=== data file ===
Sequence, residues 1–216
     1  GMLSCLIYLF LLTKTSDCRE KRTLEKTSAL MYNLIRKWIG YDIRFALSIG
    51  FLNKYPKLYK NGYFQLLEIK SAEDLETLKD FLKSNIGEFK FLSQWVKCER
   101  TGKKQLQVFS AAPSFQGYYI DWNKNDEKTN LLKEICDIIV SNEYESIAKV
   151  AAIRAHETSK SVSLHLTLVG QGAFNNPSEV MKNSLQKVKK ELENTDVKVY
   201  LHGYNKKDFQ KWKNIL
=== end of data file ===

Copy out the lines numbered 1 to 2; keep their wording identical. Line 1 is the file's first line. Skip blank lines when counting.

Sequence, residues 1–216
     1  GMLSCLIYLF LLTKTSDCRE KRTLEKTSAL MYNLIRKWIG YDIRFALSIG